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Is a distribution that belongs to the exponential family necessarily conjugate prior?

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A bit of reverse engineering: for the likelihood function associated with an exponential family, with natural parameterisation $\theta$ and sufficient statistic $x$ $$\ell(\theta|x)\propto \exp\{\theta^\prime x-\tau(\theta)\}\quad x\in\mathcal X,\ \theta\in\Theta$$ a family of conjugate priors is made of distributions with densities $$\pi(\theta|x_0,\lambda)\propto \exp\{\theta^\prime x_0-\lambda\tau(\theta)\}\quad x_0\in\mathcal X_0,\ \lambda\in\Lambda$$ with respect to an arbitrary dominating measure $\text d\nu$ on $\Theta$, provided

  1. $\mathcal X_0+\mathcal X\subset\mathcal X_0$
  2. $\Lambda+\mathbb N \subset \Lambda$
  3. $\int_\Theta \exp\{\theta^\prime x_0-\lambda\tau(\theta)\}\,\text d\nu(\theta) <\infty$ for all $x_0\in\mathcal X_0,\ \lambda\in\Lambda$.

It clearly defines an exponential family with sufficient statistic $(\theta,\tau(\theta))$.

The reverse problem is to start from an exponential family density on $\theta$ $$\pi(\theta|\xi)\propto\exp\{T(\theta)^\prime\xi-\delta(\xi)\}\propto\exp\{T(\theta)^\prime\xi\}$$ and to identify a likelihood enjoying the above as a conjugate family. This means first breaking $T(\theta)^\prime\xi$ into $\theta^\prime x_0-\lambda\tau(\theta)$ and second finding a measure $\text dμ$ on $\mathcal X$ such that $$\int_{\mathcal X} \exp\{θ′x\}\text dμ(x)=\exp\{τ(θ)\}$$ This is an issue when considering for instance the Poisson distributions $$\pi(\theta|\xi)\propto\exp\{\theta\xi-\log(\theta!)\}\mathbb I_\mathbb N(\theta)$$ because $\theta$ and $\xi$ are unidimensional. One would thus need to embed the Poisson family into a two-dimensional family $$\pi(\theta|\xi,\lambda)\propto \exp\{\theta\xi-\lambda\log(\theta!)\}\mathbb I_\mathbb N(\theta)$$ and then check if there exist $\lambda_0\in\mathbb R$, a set $\mathcal X\subset\mathbb R$, and a measure $\text d\mu$ on $\mathcal X$such that $$\int_\mathcal X \exp\{\theta x\} \,\text d\mu(x)=\exp\{\lambda\log(\theta!)\}\quad \forall\theta\in\mathbb N$$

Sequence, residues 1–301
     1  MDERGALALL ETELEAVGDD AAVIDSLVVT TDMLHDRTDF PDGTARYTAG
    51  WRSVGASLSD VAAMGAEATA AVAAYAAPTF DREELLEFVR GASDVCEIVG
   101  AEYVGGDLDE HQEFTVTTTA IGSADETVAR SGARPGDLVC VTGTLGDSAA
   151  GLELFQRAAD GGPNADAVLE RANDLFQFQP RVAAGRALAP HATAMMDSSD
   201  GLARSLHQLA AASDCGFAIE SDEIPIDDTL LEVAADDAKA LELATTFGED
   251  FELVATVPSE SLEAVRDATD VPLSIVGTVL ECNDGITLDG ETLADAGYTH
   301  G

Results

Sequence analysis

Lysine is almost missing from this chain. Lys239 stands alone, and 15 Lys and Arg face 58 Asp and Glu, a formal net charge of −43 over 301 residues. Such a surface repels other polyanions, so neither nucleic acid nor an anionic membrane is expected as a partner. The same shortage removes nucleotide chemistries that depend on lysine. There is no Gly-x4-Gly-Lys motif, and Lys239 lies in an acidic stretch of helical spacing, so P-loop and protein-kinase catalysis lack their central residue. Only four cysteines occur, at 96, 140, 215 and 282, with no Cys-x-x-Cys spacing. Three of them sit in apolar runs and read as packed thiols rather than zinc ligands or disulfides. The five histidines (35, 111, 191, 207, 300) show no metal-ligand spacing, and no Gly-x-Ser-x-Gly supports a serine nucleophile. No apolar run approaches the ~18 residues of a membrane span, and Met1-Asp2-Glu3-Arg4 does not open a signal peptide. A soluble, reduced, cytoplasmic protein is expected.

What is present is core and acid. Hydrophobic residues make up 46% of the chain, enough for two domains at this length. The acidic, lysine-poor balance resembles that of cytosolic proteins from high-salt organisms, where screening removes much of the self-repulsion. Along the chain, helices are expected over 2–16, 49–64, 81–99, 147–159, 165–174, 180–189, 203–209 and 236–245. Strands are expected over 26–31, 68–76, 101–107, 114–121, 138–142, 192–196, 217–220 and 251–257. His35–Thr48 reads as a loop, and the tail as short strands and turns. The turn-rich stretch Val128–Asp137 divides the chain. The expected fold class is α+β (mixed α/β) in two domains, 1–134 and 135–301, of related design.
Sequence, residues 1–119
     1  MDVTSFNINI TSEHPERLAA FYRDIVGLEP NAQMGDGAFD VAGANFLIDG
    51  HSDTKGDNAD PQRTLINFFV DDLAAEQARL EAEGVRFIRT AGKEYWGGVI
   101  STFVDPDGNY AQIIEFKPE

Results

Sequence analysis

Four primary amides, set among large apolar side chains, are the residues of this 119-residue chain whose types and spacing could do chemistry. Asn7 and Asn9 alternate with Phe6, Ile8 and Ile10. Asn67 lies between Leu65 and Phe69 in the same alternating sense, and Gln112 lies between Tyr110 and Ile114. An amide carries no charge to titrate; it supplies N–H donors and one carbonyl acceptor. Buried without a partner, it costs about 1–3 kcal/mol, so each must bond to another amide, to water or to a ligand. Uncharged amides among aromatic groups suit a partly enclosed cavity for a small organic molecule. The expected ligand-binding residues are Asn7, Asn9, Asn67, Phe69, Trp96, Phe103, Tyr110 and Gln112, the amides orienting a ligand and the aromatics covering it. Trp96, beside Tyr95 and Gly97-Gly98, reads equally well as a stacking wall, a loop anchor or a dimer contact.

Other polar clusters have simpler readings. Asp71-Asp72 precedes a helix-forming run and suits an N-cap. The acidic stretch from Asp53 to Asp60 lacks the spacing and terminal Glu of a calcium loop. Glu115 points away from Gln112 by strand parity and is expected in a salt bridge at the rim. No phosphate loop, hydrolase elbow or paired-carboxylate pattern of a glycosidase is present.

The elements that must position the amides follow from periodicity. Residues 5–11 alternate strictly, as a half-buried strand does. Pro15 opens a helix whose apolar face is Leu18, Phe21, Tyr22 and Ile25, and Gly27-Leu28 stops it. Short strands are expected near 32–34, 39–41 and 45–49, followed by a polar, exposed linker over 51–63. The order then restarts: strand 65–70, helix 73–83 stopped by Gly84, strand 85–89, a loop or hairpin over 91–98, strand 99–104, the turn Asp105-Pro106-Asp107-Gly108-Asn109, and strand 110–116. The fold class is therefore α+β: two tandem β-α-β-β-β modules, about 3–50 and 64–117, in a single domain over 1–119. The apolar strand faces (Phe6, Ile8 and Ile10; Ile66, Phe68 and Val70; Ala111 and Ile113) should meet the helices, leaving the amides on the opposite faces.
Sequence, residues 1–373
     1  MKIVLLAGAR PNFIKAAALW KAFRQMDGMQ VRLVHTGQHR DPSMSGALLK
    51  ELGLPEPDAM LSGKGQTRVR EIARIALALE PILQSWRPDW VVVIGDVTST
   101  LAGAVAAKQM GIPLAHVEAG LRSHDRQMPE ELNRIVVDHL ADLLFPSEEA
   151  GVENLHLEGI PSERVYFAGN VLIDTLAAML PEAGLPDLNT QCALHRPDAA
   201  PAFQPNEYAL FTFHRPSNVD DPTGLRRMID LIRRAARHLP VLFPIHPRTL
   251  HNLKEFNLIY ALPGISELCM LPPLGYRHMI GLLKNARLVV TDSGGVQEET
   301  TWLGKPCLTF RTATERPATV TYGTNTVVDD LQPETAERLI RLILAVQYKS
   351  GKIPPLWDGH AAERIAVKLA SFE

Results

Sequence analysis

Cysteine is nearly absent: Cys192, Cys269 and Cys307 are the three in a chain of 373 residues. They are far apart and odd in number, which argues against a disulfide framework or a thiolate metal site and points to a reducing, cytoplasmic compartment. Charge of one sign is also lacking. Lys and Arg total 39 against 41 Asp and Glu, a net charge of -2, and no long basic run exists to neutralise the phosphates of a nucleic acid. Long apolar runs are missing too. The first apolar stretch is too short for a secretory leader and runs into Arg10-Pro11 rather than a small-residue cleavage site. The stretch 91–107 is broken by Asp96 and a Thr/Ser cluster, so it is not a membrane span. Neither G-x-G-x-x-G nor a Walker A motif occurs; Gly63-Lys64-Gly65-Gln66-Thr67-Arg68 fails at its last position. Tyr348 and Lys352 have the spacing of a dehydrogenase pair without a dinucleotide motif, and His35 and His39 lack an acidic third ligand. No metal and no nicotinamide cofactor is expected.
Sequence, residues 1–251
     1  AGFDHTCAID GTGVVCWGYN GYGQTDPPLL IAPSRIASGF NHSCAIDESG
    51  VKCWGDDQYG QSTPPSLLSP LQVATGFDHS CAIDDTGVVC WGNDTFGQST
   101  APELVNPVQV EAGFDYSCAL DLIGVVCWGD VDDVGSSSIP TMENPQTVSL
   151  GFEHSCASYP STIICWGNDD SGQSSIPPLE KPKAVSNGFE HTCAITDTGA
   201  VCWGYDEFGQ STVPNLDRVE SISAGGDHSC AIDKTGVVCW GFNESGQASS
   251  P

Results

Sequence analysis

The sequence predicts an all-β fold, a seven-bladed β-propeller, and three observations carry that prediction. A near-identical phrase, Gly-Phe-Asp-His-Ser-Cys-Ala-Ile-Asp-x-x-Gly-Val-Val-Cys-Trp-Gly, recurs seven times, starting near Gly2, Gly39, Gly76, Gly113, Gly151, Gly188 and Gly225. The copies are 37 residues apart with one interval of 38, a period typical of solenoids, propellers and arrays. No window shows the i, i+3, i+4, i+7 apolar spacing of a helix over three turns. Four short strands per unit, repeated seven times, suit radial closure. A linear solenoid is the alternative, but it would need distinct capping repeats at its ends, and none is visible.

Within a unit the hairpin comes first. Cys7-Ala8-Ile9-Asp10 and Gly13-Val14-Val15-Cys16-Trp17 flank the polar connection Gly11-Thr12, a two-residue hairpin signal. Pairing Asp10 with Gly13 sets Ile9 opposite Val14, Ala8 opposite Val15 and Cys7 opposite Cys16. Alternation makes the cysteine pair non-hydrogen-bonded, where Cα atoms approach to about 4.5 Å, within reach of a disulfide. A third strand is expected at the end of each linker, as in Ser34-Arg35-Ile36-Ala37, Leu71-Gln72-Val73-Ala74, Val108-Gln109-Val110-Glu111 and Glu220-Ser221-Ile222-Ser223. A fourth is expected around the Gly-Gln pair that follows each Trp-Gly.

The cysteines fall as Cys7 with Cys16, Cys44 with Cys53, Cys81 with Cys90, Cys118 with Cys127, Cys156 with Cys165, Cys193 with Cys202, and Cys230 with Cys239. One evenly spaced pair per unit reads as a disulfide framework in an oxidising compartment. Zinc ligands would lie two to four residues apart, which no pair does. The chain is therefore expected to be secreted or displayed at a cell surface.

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"If the likelihood function belongs to the exponential family, then a conjugate prior exists", not the other way around. For example, many popular discrete distributions come from exponential family and have conjugate priors, but are not conjugate priors for other distributions, because the parameters of most distributions are not discrete.

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    $\begingroup$ It is unclear to me why restricting the support of the parameter in the prior (or the dominating measure) is a reason for dismissing this prior. It is an unusual setting but not a contradiction of the definition of conjugate families. $\endgroup$
    – Xi'an
    Feb 1, 2022 at 14:08
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    $\begingroup$ @Xi'an I meant it rather as an example than a contradiction. $\endgroup$
    – Tim
    Feb 1, 2022 at 14:13

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